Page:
by Patrick Bromley
For more than half of its running time, director Adam Schindler's debut feature Intruders cleverly defies expectations, setting up a movie we've seen and quickly taking a hard left to become something different. It's refreshing and it's exciting, particularly within a genre (horror/thriller) that has a tendency to reward a film's ability to conform to certain tropes. Intruders is hardly revolutionary, but it's surprising enough to keep the viewer on his or her toes. That alone carries a certain charge.
Once it starts explaining its own mysteries, the air rushes out of the movie. It's an all too common occurrence, as answers are rarely as compelling as questions. To the credit of Intruders, it asks some intriguing questions for a while. The majority of movies don't.
I'm not particularly a fan of the home invasion genre, yet I find myself drawn to the movies like this and Adam Wingard's You're Next that invert it and turn it on its head. I don't know if that's because of my own anxieties about being attacked and utterly powerless or because I love movies in which justice is served (even if that justice is blood-soaked revenge). Intruders starts out as a home invasion movie and then turns into something different; I won't say it completely turns the tables on the antagonists (the way You're Next does), but it has some really fun tricks up its sleeve.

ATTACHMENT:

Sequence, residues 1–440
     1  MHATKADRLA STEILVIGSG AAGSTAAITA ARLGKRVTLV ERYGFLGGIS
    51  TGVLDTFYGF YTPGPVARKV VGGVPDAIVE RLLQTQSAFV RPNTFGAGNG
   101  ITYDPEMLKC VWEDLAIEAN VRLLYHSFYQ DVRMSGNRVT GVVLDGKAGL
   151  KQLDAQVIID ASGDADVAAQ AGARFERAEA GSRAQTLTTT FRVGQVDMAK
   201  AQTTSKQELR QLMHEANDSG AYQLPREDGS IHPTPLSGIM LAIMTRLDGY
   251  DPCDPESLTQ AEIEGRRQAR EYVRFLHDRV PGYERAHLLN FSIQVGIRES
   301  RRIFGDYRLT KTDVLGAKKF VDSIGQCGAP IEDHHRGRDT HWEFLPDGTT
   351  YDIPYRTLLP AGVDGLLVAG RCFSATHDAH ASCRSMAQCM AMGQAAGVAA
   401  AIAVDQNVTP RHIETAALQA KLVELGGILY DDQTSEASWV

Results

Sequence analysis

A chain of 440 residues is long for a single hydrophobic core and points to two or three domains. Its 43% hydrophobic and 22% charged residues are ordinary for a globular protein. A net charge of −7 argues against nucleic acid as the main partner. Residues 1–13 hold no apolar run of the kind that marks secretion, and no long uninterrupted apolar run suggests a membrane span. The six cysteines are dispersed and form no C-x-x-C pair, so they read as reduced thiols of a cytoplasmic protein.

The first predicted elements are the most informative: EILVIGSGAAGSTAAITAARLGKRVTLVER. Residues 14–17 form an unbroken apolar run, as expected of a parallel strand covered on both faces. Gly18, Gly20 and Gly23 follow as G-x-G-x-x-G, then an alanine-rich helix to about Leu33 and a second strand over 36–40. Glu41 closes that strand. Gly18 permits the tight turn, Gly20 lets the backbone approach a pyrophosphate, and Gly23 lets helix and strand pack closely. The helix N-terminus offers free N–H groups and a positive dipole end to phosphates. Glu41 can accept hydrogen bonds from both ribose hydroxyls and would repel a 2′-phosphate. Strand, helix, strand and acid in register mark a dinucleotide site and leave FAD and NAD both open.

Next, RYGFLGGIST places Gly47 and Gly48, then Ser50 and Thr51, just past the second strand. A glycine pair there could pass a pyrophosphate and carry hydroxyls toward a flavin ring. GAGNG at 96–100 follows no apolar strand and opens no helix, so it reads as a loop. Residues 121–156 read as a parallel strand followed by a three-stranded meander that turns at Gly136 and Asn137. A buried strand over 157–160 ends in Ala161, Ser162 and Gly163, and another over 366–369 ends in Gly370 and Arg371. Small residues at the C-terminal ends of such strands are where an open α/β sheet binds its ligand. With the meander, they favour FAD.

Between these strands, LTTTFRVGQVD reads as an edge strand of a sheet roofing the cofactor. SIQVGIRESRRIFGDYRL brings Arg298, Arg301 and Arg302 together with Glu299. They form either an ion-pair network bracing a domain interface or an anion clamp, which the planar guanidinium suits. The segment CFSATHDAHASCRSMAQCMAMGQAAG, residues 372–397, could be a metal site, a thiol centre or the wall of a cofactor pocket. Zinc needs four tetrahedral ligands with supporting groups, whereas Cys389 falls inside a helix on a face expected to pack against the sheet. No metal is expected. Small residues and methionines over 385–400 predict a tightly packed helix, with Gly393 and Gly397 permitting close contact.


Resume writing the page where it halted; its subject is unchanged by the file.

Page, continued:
It's difficult to talk about my issues with the movie without being specific, which I don't want to be here. The screenplay begins to explain some of the movie's more puzzling and intriguing developments, and those explanations offer not only disappointing context for what has come before but also use some exposition that's of questionable taste. Movies don't have to be tasteful, of course -- particularly horror (or horror adjacent) movies like this one -- but there's something icky about how casually and conveniently Intruders introduces certain elements for the sake of wrapping up a little indie thriller. These ideas might deserve more consideration.
Intruders is currently available on VOD and iTunes.